At Border Control Posts, consignments will have documentary, identification and heath checks inspected on arrival in the EU, this sometimes involves unloading.
New import requirements apply to live animals, including equines. These include the requirement for:
Further information can be found in the PDF below...
Until December 2023, there will be no new Border Control Posts for horses entering the UK. Horses will continue to be liable for inspection at destination.
Those equines that represent a significant disease risk will be required to undertake pre-export blood testing and meet particular residency and isolation requirements, as part of this process
Transporters will require Transporter Authorisation, driver/attendant Certificate of Competence, and a valid Vehicle Approval Certificate issued by the UK authorities. Applications for Journey Logs (where relevant) must be submitted to APHA for any journeys ending in or transiting through Great Britain, ahead of the journey taking place. Documents issued by an EU Member State are no longer valid for use in Great Britain.
For detailed information, please see the latest version of the Border Operating Model.
At the end of 2020, we hosted a live webinar with for the riders on our World Class Programme, where John McEwen, Jan Rogers, Henry Bullen and Fiona McCormack covered the situation as it stood at the time. New details have since emerged, but many parts are still applicable. An updated webinar will be provided once we have secured further details from the relevant authorities.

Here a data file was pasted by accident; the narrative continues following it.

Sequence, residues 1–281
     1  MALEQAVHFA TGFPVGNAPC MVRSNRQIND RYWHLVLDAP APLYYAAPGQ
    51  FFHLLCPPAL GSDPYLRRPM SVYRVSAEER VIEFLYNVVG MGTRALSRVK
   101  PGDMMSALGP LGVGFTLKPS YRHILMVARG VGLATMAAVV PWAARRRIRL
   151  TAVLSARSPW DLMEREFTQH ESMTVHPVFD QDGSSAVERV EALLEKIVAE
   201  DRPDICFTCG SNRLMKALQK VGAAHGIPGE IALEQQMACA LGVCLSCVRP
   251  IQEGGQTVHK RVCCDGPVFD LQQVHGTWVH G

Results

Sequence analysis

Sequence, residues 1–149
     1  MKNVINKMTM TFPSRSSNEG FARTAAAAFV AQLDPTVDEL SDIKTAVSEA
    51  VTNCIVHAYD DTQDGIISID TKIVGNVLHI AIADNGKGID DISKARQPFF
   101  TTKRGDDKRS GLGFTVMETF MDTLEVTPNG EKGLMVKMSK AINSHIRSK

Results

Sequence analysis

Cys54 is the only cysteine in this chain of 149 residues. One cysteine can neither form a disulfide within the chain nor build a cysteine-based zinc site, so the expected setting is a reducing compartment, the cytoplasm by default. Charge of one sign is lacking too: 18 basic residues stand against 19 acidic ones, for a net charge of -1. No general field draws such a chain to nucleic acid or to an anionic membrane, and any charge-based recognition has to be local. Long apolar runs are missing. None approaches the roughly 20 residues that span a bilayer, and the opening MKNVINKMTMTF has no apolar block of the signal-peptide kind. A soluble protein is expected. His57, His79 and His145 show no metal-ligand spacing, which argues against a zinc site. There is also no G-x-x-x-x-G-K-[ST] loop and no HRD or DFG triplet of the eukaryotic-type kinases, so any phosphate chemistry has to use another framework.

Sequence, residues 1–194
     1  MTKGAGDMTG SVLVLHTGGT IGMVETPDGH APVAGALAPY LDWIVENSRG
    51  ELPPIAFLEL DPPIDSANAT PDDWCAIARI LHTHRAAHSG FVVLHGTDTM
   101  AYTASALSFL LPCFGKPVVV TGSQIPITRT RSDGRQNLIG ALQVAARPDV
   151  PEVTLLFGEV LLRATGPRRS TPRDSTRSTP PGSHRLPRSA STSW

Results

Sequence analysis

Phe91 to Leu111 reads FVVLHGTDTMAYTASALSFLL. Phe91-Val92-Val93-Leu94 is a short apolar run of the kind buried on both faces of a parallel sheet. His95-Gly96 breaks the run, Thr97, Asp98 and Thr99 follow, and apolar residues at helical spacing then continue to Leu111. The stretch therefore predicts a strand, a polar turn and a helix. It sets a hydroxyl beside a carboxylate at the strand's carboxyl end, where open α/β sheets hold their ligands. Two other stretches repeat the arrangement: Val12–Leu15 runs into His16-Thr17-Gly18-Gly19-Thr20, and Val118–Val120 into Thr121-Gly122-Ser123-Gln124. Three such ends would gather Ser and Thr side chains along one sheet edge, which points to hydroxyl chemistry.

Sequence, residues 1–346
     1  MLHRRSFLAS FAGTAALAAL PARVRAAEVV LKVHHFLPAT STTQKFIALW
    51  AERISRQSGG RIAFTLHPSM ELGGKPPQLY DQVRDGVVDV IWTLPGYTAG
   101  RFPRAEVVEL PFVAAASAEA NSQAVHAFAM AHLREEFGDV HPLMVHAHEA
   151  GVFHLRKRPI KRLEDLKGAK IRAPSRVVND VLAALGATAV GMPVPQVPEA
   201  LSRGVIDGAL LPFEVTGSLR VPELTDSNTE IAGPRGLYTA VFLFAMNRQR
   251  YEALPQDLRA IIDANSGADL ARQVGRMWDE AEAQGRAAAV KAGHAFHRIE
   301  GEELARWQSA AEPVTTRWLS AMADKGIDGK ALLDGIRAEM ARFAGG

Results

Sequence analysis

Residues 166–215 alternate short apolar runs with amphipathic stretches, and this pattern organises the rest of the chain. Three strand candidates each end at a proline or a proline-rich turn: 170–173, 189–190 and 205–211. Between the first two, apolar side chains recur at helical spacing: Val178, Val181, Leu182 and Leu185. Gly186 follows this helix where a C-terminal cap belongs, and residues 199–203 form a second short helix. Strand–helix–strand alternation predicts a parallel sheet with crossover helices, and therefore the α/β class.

Customs and taxes can be avoided for temporary exports - ie horses crossing borders. The equine sector is trying to develop a mechanism which works better but in the meantime there are two choices:
1) You can pay a bond, which reflects the value of the goods being exported, which you can claim back when the horse returns. Money can remain with the Government for three months or more. British Equestrian advise anyone wishing to pursue this option to call a shipper to advise. The Thoroughbred sector uses bonds more than the sports sector, which mainly uses Carnets.
2) You can get an ATA Carnet. A carnet costs a fee and you can put the horse and the kit on the one carnet and you can use it multiple times for up to a year. This reflects the best value for most competitors who are going backwards and forwards to the EU during a season.
Please note: you cannot use a Duplicate List because horses cannot be carried in baggage!
1. When you log into IPAFFS (Import of Products, Animals, Food and Feed System) you will now be asked to complete a CHED (Common Health Entry Document - Part 1) in place of the old Import (IMP) notification. This is for people moving hoses from EU/EFTA/EEA countries to Great Britain.
2. If you are not already using IPAFFS, register here.
3. Import notifications must be submitted on IPAFFS one working day before the horses arrive in Great Britain.
4. This is the same as is currently needed for import notifications for non-EU countries, bringing the two processes together.
5. Some sections of the CHED import notification are identical to the IMP import notification you currently make. Other sections are formatted differently or require further information that you will already have within your horse’s Entry Health Certificate (EHC), and the transport information from the exporter.
6. Any IMP import notifications you made before 2 November for horses arriving into Great Britain from EU/EEA/EFTA after 2 November will still be accepted – you do not need to take any additional action.
7. Watch the 30 minute APHA You Tube step by step walkthrough video for more help.
*Note* EU/EFTA/EEA origin horses will continue to be checked at destination until at least October 2024. From this point checks will move to Border Control Posts and more advice will follow on these changes.
If you have any questions about the import/export process, please email Jan Rogers.